3. Mean stellar parameters
No empirical effective temperature in the sense of the method elaborated by Code et al. (1976) is available for Cet. There are several indirect ways of estimating the effective temperatures of stars. These methods use some properties of the spectrum such as the slope of continuum over a limited wavelength interval or the relative strengths of absorption lines from elements present in two or more stages of ionization to identify a star with a model atmosphere. The effective temperature of the model atmosphere which gives the best representation of the observed data is said to be equivalent to the effective temperature of a star.
One of the efficient methods of estimating the atmospheric parameters is based on the Strömgren-Crawford photometric system. Two indices, and [ ], are used to derive the effective temperature of early-type stars. Although the [ ] index is a more sensitive indicator of , there are reasons for preferring the -index as a temperature indicator, cf. Shobbrook (1976) and Davis & Shobbrook (1977). These reasons appear to originate in a metal-line index involved in the definition of [ ] = 2 [ ] + [ ]. A further argument for as an effective temperature indicator follows from an inspection of the theoretical indices calculated for the older (Kurucz 1979a, b ; Lester et al. 1986) and the latest (Kurucz 1991) line-blanketed models of atmospheres. Since the new models were obtained for upgraded stellar opacities, such a comparison gives insight to sensitivity of the photometric indices to uncertainties in the line blanketing effects. As one can expect, the index is much less sensitive to changes in stellar opacities than the [ ] one. We found the difference of between the old and new models, which corresponds to K for a star with = 25000 K and log g = 4.0. This effect is small in the context of the present paper, but using the new -indices has an important advantage: they are calculated for a grid of models with step 1000 K in near 25000 K, whereas the step in the older grid is equal to 2500 K. We therefore derived the effective temperature and surface gravity from the original data of Cet using - and -indices given by Kurucz (1991) and Smalley & Dworetsky (1995), respectively. Unfortunately, this is not entirely a consistent approach, because the index corresponds to the older grid of models (the new Kurucz (1991) data do not contain the index). However, due to the fact that the theoretical indices are calibrated to observations of standard stars (cf. Smalley & Dworetsky 1995), one can expect that the final result is only little influenced by this quasi-homogeneous approach. The results are shown in Table 1. Following Shobbrook (1978), we adopted the relations and E( ) = 0.24 E( ) in the de-reddening procedure. Stellar parameters derived from the calibration formulae given by Napiwotzki et al. (1993) and Balona (1994), which are based on the [ ] and indices, respectively, are also shown in Table 1. As one can see, for a given set of observations, Napiwotzki's et al. (1993) formula and our approach give the same results for within an error box of dex. Similar scatter is present when different data are adopted for the mean photospheric indices of Cet with the exception of numbers obtained from the two-parametric formula given by Balona (1994), cf. Table 1. A direct interpolation in the theoretical grid of indices is recommended. It is interesting to note that the effective temperature derived from the photometric indices is in good agreement (again within the error box of dex.) with the temperature obtained from the nonadiabatic observables discussed in Sect. 2.2.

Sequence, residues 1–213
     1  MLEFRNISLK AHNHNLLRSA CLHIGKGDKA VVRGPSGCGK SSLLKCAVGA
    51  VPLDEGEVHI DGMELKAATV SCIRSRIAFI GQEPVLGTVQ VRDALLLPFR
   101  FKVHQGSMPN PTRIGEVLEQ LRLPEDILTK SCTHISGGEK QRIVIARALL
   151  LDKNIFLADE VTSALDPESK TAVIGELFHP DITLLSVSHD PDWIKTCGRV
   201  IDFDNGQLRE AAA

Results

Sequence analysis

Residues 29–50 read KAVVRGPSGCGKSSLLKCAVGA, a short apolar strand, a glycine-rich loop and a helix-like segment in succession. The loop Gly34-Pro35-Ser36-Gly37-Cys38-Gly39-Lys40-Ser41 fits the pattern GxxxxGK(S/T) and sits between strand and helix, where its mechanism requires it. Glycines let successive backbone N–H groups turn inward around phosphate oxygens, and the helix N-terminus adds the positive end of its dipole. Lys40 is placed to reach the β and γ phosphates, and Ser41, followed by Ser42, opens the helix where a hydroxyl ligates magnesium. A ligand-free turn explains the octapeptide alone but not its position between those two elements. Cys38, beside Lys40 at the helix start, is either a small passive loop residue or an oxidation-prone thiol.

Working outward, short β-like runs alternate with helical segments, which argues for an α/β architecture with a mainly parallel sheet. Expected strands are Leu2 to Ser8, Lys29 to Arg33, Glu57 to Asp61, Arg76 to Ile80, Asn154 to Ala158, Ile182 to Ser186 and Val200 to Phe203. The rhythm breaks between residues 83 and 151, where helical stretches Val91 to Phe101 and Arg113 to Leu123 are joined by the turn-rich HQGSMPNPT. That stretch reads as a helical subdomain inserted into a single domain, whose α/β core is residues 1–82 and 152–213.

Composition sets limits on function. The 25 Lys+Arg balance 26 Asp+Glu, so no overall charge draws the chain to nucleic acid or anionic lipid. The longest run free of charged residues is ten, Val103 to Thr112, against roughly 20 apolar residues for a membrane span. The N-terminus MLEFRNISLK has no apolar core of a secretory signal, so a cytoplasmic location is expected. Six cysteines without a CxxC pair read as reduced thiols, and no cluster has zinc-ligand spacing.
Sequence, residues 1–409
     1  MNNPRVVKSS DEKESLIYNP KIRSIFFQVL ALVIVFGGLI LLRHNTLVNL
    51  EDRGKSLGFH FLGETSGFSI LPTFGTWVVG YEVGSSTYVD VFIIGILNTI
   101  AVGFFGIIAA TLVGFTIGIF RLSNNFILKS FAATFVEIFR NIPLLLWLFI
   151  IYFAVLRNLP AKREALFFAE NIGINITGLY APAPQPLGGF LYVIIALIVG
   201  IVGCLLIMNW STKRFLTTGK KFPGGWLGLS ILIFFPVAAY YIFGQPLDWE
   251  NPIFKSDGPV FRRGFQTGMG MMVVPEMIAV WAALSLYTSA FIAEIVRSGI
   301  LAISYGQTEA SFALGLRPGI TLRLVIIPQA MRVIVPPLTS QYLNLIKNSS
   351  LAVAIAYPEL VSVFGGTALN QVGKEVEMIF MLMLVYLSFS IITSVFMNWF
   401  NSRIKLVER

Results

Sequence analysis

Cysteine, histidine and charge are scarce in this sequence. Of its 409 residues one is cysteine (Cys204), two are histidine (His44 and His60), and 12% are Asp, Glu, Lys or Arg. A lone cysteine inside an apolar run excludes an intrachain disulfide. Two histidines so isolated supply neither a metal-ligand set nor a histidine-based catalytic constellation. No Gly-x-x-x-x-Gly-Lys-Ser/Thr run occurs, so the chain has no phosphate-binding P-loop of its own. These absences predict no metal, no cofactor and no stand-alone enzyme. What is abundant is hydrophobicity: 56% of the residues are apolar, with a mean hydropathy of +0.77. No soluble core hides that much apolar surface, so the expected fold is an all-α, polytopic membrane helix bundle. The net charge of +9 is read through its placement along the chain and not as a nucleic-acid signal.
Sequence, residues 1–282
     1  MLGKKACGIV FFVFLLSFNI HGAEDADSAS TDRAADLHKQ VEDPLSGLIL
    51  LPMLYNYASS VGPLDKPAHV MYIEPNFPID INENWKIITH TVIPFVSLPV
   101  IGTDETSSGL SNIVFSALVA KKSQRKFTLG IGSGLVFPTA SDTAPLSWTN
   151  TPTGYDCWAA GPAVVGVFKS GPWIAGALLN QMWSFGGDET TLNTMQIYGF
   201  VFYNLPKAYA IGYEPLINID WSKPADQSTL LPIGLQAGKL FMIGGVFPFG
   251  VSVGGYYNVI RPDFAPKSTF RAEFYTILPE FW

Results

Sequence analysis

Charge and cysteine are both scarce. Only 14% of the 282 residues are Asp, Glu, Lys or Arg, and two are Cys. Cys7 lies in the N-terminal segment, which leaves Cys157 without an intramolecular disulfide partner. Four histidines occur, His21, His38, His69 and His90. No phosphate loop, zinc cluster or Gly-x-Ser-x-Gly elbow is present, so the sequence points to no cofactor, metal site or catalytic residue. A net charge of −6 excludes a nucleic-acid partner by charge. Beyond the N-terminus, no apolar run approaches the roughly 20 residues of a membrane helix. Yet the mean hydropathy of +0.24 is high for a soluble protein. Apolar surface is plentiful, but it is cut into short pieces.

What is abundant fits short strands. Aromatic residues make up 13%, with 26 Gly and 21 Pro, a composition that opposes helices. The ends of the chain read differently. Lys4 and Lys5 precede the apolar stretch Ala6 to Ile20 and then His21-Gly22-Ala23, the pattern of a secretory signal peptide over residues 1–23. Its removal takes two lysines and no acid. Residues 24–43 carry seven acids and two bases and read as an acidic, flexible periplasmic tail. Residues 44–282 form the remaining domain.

Table 1. log , log g and E( ) derived from photometry.
Recently, Kolb & Baade (1994) reported a log g determination for Cet from an analysis of the line. They found log g = 3.70 0.25 for = 21000 K. The error 0.25 in log g is mainly due to assumed uncertainty in the effective temperature of the order of 2000 K.
© European Southern Observatory (ESO) 1997
Online publication: October 15, 1997